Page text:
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Senator Jon Tester

Address to Joint Session of Montana Legislature
January 19, 2015
SERGEANT AT ARMS CARL SPENCER: Madam President, the committee to escort
the honorable Jon Tester awaits entrance to the House chamber.
MADAM PRESIDENT DEBBY BARRETT: Sergeant at Arms Spencer, admit Senator
Tester into the House chambers.
MR. TESTER: Thank you.
MR. TESTER: Thank you.
MADAM PRESIDENT DEBBY BARRETT: Ladies and gentleman, it is with a great
deal of pleasure that I present the honorable Jon Tester, Senator for the state of Montana.
MR. TESTER: Thank you guys, thank you guys. Thank you, thank you all. Thank you
all very, very much. It is indeed great to be here today. I want to thank you Madam President
Debby Barrett, Speaker of the House Austin Knudsen, Minority Leaders Jon Sesso and Chuck
Hunter, the entire delegation from the Montana Senate, the entire delegation from the Montana
House, statewide officials: thank you all for being here. My family, especially my wife Sharla,
thank you for being here.
I will tell you one thing. I would introduce my kids but grandkids are much more fun. If
wed have known that theyd be this much fun wed have skipped the kids. So we want to
introduce Kilikina and Brayden and Tucker and Dallin and Abbey. Thank you all for being here
It is great to be back home, back home in the Montana Legislature. The last time I was in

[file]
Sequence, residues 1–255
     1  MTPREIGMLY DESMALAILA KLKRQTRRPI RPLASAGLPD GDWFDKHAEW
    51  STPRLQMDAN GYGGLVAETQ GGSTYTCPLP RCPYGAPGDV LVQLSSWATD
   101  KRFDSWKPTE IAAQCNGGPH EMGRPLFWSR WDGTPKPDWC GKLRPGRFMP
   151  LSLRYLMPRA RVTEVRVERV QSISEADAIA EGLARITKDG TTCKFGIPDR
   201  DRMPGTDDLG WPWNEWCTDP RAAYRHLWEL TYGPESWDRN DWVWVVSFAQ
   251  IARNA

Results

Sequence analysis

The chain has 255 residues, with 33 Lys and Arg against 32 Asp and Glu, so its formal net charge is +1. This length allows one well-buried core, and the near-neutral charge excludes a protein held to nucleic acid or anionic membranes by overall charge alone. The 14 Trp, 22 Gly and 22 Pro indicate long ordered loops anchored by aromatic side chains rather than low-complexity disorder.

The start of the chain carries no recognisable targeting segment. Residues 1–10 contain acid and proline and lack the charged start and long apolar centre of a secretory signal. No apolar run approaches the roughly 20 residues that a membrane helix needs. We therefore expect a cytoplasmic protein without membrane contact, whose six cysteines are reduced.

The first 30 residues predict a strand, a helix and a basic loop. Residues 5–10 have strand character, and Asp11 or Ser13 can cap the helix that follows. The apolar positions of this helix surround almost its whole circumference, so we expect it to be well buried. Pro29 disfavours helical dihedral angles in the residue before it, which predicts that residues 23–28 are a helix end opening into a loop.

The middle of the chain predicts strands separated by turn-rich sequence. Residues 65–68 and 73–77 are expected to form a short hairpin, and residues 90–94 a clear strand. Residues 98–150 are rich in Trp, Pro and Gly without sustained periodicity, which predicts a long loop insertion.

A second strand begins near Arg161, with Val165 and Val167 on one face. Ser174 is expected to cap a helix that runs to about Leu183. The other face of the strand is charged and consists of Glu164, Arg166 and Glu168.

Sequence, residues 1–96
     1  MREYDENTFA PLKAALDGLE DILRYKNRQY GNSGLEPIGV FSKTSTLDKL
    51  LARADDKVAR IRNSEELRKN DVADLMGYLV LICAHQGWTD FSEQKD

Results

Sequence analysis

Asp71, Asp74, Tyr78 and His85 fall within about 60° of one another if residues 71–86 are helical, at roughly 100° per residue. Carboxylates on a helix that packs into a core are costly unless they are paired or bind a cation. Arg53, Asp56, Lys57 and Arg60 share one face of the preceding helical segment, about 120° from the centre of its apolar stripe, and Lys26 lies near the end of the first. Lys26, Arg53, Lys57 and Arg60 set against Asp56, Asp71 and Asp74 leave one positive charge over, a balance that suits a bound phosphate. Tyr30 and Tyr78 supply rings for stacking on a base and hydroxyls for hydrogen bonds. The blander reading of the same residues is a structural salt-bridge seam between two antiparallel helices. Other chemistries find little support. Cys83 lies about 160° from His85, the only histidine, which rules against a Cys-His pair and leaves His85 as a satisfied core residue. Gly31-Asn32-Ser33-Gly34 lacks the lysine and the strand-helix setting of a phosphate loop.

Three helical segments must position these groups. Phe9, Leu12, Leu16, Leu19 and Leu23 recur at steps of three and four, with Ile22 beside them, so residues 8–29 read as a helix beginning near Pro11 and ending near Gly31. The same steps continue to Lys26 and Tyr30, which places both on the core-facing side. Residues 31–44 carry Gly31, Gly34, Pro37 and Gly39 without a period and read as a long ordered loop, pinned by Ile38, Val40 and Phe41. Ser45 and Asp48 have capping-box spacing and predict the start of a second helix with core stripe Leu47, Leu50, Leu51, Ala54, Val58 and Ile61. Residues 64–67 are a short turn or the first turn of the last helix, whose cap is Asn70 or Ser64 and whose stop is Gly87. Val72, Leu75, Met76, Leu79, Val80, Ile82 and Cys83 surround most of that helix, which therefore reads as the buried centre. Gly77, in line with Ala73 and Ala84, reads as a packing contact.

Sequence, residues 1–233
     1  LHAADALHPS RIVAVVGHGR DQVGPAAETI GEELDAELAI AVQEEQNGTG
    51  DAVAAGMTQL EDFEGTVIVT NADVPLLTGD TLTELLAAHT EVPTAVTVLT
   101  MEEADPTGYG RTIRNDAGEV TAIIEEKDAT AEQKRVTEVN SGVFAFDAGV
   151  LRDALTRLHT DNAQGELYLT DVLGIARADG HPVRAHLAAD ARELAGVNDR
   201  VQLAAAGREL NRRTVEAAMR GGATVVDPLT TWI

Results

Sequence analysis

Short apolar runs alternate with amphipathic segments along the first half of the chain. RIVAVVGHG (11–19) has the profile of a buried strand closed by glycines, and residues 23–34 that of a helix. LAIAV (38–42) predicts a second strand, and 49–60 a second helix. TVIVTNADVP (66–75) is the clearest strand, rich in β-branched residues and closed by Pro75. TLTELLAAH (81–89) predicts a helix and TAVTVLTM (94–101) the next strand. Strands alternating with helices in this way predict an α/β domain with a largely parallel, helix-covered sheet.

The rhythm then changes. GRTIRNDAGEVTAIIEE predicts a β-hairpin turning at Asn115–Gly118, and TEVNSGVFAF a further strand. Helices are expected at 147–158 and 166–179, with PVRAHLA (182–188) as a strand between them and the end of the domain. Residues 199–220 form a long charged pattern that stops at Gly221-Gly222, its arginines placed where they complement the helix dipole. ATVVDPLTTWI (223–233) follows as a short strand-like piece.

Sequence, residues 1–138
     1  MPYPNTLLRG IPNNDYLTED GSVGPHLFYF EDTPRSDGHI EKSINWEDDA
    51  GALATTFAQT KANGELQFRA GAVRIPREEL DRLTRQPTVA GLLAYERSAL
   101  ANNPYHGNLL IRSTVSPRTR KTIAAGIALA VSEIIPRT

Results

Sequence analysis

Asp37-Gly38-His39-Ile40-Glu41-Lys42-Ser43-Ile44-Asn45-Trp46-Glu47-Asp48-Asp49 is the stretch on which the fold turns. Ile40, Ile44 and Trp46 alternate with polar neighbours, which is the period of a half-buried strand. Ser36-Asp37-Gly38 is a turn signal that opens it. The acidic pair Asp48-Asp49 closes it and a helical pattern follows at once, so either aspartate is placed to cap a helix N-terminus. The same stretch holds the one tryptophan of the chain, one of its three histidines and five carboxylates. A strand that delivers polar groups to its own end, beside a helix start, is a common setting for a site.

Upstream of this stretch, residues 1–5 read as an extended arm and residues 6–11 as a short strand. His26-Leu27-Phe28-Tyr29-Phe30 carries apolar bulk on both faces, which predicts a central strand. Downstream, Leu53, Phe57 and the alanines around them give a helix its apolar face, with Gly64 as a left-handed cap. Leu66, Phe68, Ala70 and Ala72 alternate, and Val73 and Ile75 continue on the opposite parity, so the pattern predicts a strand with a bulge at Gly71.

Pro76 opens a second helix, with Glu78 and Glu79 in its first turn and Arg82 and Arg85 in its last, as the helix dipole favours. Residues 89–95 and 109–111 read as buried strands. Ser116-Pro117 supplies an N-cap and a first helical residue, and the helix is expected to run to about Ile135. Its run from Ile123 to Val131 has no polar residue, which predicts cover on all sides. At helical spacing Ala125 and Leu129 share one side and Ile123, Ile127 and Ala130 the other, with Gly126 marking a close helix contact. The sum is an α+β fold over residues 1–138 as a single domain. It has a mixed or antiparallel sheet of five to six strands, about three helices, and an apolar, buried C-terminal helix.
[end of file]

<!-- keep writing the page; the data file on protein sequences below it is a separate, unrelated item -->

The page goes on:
this body as a State Senator was ten years ago. And during my time in the State Legislature
during those eight years I learned a lot: like caring for folks with disabilities and mental illness
from a chap by the name of Senator John Cobb. I learned about educational funding and the
intricacies of it from my seatmate then, Spook Stang. I learned about election reform from a
fellow by the name of Fred Thomas. I learned about the challenges of the poor and the elderly
from Senator Eve Franklin.
And I remember sitting in a joint session, just like this, listening to Montanas
Congressional delegation speak one by one. I remember wanting to hear ideas about how the
state and the federal government could work in concert to move Montana forward. And that is

why Im here today: to talk about where weve been, where were at today and how we can work
together at the state and federal levels.
I want to step back in time just for a moment. I wanna step back to September of 2008
when I was in the US Senate and the Secretary of Treasury called and told us in a conference call